Welcome:  Sign In | Contact Us
Call Us: (866) 554-4328

Are You Ready for The Cold?

Important Pre-Heating Season Maintenance

By   |  Product Expert

Winter is coming...and by preparing now you can be sure not to get caught off guard.

One of the most important things you can do to make sure you stay warm and cozy all winter long, is to have a professional perform annual maintenance and inspection on your heating system.

Whether you heat your home with a furnace, boiler, heat pump, or some combination of the three, an annual inspection can spot problems before they become serious and leave you out in the cold.

What to Expect From an InspectionGas Furnace Flames
The first thing that your technician will check is the condition of exhaust from your boiler or furnace. When the venting and chimney are not checked regularly it is possible for leaks in the venting or blockages to go unnoticed. While a blockage will often result in the boiler or furnace not firing, a leak in the venting can result in a potentially fatal build-up of carbon monoxide.

Once the integrity of the venting system has been confirmed, the burner(s) and heat exchanger should be checked. Making sure that the burner(s) and heat exchanger are clean and free of defects will make sure that your heating system operates at peak efficiency. Cracks in a boiler heat exchanger could result in significant flood damage if left unattended. A furnace with a cracked heat exchanger is even more hazardous as the cracks may allow combustion gases, including carbon monoxide, to enter your home.

A technician will then proceed to check for proper operation of boiler control systems and safety devices. These include: thermostats, operating limits such as aquastats, zone relay controls, safety switches, and relief valves. Failure of a control device will often lead to a lack of heat, over/under heating, or excessive energy use. Should a safety device fail, you could be exposing your home and family to dangers such as flooding, fire, and carbon monoxide.

Pre-Heating Season Maintenance for Forced Air SystemsFantech Filter
For forced air systems, it is important to check that blower is cleaned of dust and debris that can cause it to overheat and fail. The filters should also be checked regularly, and replaced or cleaned as necessary. A dirty filter will restrict the flow of air and reduce the effectiveness of your heating system. Also, because the blower has to work harder to circulate air, it will use more electricity, further increasing your heating costs.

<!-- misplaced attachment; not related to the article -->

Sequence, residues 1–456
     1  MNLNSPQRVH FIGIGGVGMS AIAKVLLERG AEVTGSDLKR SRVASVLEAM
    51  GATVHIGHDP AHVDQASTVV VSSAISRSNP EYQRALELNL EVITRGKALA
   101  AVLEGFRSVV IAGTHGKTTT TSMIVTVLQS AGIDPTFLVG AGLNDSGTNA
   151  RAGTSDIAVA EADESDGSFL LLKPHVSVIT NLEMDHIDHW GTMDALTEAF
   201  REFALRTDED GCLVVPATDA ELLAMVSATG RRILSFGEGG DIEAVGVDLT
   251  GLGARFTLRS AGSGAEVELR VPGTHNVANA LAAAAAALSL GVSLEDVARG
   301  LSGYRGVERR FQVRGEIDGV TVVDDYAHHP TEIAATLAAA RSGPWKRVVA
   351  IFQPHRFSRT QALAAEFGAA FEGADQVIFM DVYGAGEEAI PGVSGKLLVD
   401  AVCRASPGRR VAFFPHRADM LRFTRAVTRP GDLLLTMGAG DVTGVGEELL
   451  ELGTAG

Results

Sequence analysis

Pre-Heating Season Maintenance for Hydronic Systemsradiator maintenance
Hydronic systems require some additional steps to ensure the piping is free of leaks and air. The first step in checking the piping is to simply check for leaks, this can be done by inspecting the piping and also by checking to see if water is at a lower than expected level. Leaks can cause damage to property, and can also introduce air blocks that will prevent the system from delivering heat where it is needed. To make sure there is no air in the heating system, the system should be bled at the beginning of each heating season. This involves opening any manual air vents to allow trapped air to escape, as well as making sure any automatic air vents in the system are working correctly. Trapped air will reduce the effectiveness of radiators and could create blocks which prevent hot water from reaching the areas where it is needed.

Pre-Heating Season Maintenance for Circulation PumpsGrundfos Circulation Pump
Circulation Pumps and expansion tanks should also be checked prior to the start of each heating season. Although most modern pumps are self-lubricating, circulators in older homes may require that the technician apply proper lubrication to keep the pumps from failing. As for expansion tanks, a water-logged tank can cause the pressure in the heating system to increase beyond safe levels causing a loss of heating and possibly flooding.

With the number and severity of problems a simple check-up can help to prevent, there’s no reason to put off your heating system’s pre-season service any longer.

NEXT: Shop All Heating Equipment & Accessories


Visit eComfort on Facebook
View the eComfort Twitter Profile Page
Follow eComfort on Pinterest
View eComfort YouTube Channel
View eComfort Tumbler
View eComfort LinkedIn Company Profile